Social Entrepreneurship : Ben Cohen's View

When it comes to giving advice on social entrepreneurship, there may be no better source than Ben Cohen, of Ben & Jerry

Two childhood friends, Ben Cohen and Jerry Greenfield, turned a $5 correspondence course on ice cream making into a successful business that shares its rewards with its employees and with the community, and has fun doing it!

Building their startup in Burlington, Vermont, they turned Ben & Jerry’s Homemade into an American cultural institution and made it such a successful company that it was acquired a few years ago by the global consumer-goods powerhouse, Unilever.

Part of Ben and Jerry’s deal with Unilever was to make sure the company stayed true to its roots in social entrepreneurship, which have boosted causes from global warming to small-scale family farms.

“Business has a responsibility to the environment and should uphold a set of aspirational principles,” the company’s mission statement still reads. “Whether it's in sourcing ingredients, supporting non-profit organizations, or using our ice cream to help better the environment, we think it's important to lead with our values.”

Social entrepreneurship manifesto

Cohen and Mal Warwick, another social entrepreneur with an impressive track record, help others follow in their footsteps in their new book, Values-Driven Business: How to Change the World, Make Money and Have Fun. They start out by asking some of the big questions that might dog any social entrepreneur.

“If you run your business in accord with your personal values, will you make money?” they write, “Or will you simply drive yourself into bankruptcy in a self-indulgent attempt to do right by everyone in sight?”

The answers are “yes” to the first question and “no” to the second, say these authors.

And even if you didn’t start your company with a social conscience, Cohen and Warwick argue, it’s easy to end up with one. Sit down on your own or with employees; ponder your desire to move the business in a socially responsible direction; then put down on paper what you’ve come up with.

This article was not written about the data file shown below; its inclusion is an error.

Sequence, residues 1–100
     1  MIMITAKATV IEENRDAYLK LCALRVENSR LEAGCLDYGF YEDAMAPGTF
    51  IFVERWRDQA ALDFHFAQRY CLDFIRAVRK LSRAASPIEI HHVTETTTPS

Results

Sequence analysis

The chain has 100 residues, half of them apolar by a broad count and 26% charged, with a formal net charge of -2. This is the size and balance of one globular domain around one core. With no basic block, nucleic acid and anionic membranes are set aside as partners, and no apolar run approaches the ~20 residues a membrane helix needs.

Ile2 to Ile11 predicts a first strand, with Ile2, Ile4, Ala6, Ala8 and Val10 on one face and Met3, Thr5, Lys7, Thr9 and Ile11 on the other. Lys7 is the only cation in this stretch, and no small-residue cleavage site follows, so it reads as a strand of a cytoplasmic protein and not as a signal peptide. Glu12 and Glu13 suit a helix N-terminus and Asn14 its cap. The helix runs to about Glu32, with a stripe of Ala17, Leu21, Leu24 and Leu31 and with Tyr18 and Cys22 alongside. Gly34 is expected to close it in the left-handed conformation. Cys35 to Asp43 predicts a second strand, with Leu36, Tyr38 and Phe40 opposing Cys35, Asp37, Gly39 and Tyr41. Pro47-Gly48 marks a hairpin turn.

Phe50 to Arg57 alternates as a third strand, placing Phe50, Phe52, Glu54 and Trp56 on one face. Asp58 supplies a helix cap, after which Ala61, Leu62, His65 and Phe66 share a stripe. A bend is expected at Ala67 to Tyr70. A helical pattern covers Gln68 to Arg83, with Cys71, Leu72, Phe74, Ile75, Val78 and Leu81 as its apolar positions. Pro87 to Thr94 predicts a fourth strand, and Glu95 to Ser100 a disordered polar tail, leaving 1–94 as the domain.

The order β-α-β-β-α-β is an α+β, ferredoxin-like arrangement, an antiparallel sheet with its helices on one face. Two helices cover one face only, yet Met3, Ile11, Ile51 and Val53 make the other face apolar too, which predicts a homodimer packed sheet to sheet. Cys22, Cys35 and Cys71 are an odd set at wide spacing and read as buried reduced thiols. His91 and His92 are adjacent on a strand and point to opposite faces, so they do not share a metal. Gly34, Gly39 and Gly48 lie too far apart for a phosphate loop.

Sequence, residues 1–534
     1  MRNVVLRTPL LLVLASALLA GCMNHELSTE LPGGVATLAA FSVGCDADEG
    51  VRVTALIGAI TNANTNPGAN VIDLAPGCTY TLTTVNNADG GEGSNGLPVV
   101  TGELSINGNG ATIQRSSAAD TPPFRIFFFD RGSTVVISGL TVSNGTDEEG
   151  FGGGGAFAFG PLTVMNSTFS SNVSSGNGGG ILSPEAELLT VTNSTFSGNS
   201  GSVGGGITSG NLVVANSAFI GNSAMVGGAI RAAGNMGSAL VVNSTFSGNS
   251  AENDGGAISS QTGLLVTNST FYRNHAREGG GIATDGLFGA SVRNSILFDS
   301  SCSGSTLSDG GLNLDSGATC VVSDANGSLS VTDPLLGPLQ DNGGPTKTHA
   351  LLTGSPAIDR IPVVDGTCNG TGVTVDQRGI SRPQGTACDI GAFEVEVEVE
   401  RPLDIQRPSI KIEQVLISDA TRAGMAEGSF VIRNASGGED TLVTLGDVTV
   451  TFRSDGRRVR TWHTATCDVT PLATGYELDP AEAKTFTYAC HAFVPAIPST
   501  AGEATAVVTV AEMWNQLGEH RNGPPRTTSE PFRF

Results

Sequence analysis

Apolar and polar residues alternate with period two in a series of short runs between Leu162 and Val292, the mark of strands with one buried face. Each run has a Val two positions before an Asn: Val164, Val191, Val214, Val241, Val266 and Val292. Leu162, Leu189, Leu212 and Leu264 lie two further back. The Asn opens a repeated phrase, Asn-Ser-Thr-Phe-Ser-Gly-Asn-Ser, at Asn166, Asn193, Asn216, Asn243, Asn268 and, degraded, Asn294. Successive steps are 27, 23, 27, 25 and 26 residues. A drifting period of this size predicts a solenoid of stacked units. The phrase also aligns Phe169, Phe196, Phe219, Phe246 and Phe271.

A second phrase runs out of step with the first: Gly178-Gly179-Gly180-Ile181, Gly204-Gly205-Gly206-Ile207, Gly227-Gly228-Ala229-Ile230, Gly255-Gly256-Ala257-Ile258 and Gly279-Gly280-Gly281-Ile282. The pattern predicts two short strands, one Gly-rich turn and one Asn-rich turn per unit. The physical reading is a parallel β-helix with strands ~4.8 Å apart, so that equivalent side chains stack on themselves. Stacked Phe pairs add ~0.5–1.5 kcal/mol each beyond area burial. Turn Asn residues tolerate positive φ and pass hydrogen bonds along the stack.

The authors say that you should make three written declarations: a vision statement, about the “noble cause” that will bring new meaning to your work; a mission statement, detailing ways to realize your vision; and a values statement, identifying the core values that infuse the company.

Ben Cohen and Mal Warwick's “five fundamental premises” for succeeding at social entrepreneurship

  1. Attract consumers by demonstrating a commitment to your community and the environment.
  2. Make your business “sustainable” by lightening your “footprint” on the environment and building strong relationships with customers, employees, suppliers and the community.
  3. Make your dedication to quality products and services obvious, and customers will reward you for it.
  4. Look at your constituencies as partners rather than adversaries, for a less stressful and more fulfilling life.
  5. Treat employees with respect and compensate them well, even relative to your own compensation, and include a share of profits.

Our Bottom Line

Ben and Jerry faced many scoffers when they started their tiny company, but they built an enterprise that became known as much for its successful social entrepreneurship as for its ice cream. The new book co-authored by Ben offers plenty of lessons for how you can succeed on many levels as a social entrepreneur.

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